Why is voting important for young people?

Erifili Gounari

Text by Erifili Gounari

In 2018, it is easy to observe that young people around the ages of 18-24 tend to be more politically involved and opinionated, ready to take more progressive initiatives and make their voices heard in their environment and groups. When research is done well and youth is properly informed about politics, youth activism comes into play to bring about social change and influence the future we are going to live in. So why aren’t our interests as young people taken into account as we would like them to? Because our passion for change and willingness to make our voice heard does not always translate to real, physical, political engagement, such as registering to vote and then showing up to do so. In 2015, less than 45% of people aged 18-24 showed up to vote in Britain’s general election.

The results of this lack of turnout are evident; youth feels underrepresented in politics, starts losing faith in the political system, assumes that their vote won’t change anything as their interests are rarely taken into consideration. But, unsurprisingly, this psychological effect does nothing to improve the conditions we live in, and whether we feel strongly about the environment, about affordable housing, Brexit or immigration policies, we do not all succeed in making our voices heard as they have the right to be.

First of all, since we are given the right to vote and express our opinion in an institutional way that cannot be ignored, we are doing more harm than good by abstaining. We are contradicting our own interests by not registering to vote, and sticking to unofficial action plans that are unfortunately not world changers. It’s undeniable that youth activism is extremely important, and that it makes voices heard in a way that voting does not. But it is also extremely important to try to influence political reality directly, and realize that we will be the ones living in the future that is being voted for now.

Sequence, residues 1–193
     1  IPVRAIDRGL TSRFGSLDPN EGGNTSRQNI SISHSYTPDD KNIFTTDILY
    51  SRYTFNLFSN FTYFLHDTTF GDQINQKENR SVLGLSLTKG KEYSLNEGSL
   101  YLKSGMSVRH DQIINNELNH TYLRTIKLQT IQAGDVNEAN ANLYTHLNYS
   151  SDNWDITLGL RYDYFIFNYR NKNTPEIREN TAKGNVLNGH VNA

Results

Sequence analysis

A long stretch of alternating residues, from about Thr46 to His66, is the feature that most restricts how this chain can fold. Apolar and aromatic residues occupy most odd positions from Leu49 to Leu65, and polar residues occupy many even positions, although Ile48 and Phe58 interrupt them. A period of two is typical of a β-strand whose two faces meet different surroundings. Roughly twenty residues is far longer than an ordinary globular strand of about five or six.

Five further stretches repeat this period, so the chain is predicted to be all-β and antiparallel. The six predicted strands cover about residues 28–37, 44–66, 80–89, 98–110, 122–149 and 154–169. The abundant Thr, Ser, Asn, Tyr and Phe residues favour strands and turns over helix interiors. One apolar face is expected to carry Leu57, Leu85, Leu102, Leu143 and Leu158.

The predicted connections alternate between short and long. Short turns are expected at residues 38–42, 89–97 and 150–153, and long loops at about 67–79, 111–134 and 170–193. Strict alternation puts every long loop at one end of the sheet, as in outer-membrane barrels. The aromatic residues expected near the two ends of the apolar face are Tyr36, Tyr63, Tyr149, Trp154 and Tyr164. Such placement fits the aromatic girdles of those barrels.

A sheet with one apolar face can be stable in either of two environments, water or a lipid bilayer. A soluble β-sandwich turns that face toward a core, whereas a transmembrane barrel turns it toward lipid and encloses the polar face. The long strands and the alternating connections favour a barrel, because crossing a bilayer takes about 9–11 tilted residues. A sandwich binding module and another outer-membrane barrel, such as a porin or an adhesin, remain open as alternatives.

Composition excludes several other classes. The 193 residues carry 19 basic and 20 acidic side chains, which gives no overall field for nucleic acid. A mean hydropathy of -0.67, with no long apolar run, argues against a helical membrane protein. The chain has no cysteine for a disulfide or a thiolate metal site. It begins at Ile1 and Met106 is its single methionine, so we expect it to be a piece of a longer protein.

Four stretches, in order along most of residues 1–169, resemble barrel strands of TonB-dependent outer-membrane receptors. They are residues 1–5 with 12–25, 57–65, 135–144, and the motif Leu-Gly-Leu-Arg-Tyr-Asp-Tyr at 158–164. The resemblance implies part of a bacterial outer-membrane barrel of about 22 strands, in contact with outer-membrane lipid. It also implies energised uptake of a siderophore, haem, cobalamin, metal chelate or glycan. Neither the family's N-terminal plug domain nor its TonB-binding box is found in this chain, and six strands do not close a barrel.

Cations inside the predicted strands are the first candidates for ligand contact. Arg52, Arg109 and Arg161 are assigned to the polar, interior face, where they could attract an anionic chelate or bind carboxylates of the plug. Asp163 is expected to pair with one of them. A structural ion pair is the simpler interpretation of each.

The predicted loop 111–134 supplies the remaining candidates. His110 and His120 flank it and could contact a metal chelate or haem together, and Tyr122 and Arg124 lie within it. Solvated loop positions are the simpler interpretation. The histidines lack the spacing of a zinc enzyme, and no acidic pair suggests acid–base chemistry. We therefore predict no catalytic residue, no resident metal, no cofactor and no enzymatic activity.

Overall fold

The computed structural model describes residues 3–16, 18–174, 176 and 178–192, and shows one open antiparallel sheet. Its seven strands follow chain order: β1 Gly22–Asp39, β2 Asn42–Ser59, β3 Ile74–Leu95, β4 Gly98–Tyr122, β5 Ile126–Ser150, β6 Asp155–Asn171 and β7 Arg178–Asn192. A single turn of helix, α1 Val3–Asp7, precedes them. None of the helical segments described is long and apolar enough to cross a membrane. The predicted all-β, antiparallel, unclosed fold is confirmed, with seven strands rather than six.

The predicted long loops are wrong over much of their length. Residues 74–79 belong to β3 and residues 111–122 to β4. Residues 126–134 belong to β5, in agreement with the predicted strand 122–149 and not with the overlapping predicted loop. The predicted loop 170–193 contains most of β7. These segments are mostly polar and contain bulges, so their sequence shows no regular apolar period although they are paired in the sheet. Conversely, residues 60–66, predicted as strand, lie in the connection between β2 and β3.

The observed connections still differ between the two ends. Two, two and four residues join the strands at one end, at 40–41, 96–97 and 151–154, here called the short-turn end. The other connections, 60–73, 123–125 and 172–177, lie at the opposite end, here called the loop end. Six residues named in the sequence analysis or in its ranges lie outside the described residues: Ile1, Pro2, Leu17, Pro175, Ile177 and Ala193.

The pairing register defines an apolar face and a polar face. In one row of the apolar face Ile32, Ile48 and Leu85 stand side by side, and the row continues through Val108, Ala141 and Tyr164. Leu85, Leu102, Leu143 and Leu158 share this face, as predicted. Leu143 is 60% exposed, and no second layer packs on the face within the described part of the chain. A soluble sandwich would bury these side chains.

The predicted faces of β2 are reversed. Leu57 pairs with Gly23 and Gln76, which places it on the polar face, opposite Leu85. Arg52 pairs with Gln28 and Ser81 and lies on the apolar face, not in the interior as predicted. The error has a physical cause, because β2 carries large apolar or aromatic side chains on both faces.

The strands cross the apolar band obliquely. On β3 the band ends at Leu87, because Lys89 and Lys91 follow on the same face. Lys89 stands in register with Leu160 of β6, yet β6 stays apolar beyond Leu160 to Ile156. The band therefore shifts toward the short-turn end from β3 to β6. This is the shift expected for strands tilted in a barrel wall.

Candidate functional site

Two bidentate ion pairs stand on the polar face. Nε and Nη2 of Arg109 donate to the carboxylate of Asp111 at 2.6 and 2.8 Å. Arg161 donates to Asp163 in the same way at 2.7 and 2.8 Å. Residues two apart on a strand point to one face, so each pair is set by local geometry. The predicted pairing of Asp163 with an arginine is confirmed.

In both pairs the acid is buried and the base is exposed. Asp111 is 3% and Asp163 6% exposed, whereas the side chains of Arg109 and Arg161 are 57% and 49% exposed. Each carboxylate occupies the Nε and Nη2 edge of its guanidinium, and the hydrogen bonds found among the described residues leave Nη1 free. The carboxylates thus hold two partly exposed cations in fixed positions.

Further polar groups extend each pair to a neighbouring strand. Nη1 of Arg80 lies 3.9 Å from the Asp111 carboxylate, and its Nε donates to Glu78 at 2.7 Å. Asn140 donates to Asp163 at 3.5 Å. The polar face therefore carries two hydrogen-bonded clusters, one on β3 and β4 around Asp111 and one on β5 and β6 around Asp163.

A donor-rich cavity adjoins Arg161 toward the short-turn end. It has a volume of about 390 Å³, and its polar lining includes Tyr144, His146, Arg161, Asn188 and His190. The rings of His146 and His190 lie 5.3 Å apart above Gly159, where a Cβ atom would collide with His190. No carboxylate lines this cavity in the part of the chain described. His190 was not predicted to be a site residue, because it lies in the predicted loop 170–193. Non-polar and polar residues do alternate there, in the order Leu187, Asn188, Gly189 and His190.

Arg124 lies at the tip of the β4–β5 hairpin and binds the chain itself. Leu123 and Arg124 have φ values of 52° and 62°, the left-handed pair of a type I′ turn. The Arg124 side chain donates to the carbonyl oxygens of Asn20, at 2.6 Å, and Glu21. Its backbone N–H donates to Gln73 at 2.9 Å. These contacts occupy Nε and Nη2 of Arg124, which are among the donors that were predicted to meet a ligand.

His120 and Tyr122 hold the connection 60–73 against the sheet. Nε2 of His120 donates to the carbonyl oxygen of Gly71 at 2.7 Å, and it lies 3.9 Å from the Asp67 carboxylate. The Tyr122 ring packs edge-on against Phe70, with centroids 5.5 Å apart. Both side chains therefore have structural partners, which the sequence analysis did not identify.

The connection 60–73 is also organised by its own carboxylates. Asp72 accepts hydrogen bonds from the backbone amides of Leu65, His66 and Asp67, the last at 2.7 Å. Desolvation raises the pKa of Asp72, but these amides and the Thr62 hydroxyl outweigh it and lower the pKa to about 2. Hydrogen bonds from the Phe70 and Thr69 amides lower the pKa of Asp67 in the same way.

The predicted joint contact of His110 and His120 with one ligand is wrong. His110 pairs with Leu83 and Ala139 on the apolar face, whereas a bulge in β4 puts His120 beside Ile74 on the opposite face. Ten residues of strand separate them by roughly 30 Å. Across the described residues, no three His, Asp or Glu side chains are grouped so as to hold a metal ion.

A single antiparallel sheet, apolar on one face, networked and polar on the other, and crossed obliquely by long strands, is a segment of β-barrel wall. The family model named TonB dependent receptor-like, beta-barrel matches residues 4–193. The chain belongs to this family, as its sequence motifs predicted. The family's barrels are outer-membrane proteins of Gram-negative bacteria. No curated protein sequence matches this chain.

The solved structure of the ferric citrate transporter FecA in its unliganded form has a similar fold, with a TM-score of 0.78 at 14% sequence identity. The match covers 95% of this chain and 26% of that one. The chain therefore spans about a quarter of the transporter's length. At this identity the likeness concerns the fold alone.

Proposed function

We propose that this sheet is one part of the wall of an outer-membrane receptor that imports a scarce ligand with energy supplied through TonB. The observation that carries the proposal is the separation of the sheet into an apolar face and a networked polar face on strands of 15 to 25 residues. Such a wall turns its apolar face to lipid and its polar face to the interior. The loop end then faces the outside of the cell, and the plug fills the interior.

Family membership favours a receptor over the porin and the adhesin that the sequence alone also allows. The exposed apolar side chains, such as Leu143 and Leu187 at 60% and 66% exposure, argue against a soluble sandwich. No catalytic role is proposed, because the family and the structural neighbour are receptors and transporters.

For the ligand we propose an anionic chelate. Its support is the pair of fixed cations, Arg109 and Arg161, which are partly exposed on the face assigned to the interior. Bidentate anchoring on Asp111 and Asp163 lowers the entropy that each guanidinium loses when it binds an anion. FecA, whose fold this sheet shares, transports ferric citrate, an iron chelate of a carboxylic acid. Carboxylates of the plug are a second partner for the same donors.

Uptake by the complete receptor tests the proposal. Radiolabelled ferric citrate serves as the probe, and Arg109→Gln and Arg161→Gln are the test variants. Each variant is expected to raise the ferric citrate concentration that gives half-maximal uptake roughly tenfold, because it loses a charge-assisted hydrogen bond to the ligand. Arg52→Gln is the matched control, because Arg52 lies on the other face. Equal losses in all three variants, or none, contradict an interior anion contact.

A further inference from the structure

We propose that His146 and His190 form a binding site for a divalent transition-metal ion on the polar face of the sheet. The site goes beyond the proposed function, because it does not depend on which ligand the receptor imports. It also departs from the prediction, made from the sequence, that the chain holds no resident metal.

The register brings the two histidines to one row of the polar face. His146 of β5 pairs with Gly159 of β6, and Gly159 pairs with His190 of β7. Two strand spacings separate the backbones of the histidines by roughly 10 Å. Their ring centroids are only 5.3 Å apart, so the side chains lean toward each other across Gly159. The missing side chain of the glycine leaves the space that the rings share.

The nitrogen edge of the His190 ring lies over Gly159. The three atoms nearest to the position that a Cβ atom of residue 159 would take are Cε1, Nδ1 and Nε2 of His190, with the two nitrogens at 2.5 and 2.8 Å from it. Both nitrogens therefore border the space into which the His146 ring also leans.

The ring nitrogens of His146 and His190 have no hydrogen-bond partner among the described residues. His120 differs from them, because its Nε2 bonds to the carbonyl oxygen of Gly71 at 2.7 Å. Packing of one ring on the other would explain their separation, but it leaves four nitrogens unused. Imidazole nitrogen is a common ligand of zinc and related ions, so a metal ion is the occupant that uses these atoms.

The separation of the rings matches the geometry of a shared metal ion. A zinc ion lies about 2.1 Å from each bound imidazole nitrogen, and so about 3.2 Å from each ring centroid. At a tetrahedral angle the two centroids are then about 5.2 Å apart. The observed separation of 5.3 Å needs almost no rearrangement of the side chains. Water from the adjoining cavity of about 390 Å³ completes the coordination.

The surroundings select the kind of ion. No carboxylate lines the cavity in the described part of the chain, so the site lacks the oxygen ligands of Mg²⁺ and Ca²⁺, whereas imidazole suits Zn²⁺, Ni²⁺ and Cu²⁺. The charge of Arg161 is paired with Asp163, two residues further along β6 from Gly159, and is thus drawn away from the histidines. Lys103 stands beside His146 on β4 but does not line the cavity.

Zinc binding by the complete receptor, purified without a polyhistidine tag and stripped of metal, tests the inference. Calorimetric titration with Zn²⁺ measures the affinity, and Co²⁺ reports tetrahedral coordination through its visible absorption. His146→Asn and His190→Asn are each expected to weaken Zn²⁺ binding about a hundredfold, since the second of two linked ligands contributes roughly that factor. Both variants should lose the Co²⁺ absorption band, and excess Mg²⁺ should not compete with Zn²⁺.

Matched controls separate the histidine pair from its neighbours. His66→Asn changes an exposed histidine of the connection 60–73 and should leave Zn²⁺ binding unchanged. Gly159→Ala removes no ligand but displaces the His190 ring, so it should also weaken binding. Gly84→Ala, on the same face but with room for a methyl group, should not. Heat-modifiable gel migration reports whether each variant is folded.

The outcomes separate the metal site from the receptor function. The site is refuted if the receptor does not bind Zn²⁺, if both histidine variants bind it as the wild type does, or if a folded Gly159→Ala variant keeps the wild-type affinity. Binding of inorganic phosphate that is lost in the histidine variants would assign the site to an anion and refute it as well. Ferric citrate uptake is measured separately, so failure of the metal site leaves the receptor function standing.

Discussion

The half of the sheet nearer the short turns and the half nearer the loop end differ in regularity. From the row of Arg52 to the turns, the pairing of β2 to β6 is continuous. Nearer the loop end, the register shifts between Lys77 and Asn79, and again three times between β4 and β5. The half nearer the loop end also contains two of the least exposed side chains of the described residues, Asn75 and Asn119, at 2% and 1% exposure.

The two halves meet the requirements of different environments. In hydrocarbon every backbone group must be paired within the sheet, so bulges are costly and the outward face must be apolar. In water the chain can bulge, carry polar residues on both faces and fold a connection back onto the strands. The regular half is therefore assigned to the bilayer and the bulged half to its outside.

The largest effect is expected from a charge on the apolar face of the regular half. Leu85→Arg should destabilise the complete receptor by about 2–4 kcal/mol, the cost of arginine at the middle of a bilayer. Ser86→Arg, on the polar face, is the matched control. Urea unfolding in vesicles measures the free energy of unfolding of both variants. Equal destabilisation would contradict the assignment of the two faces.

Secondly, if you don’t start voting now, when will you? If at the age of 18 you tell yourself you will vote next year, it is highly possible that next year you will think the same, and then the year after. Because the mentality that tells you that your single vote won’t make a difference is very real, and very destructive. It leads to huge percentages of abstention in each election, and consequently to unsatisfying results. Start pushing yourself to vote now, so that it becomes a habit in the future. Influence those around you to do the same, to make voting less intimidating for themselves, and to start properly engaging with politics as they have the right to do. Familiarize yourself with the process and the mentality; there is absolutely nothing to lose, while there could be significant things to gain.

Finally, it is important to note that it is now easier than ever to be an educated voter. Take some time to use the huge abundance of resources that you can access for free, to educate yourself and learn about your options. There is no excuse for ignorance in 2018, and we should not have the privilege to choose to be ignorant. If as a young person you feel that you can’t vote because you haven’t been educated enough on politics, then learn. Teach yourself, and make an effort to bring about the change you want to see in the world you live in. By abstaining, you’re really contributing to the policies you wish to change.

Discuss with friends, use your time wisely and educate yourself, transfer your passion for social change into something that can really be heard! If you are a young person of over 18 years old, you can and should vote for your own future. What causes do you deeply care about, what values do you want to see represented in the world around you? There are people of your age in the world who do not have the right to vote as you do, who can’t directly influence social change as you can! So let us take action, and have an essential say in our own future.

Erifili Gounari


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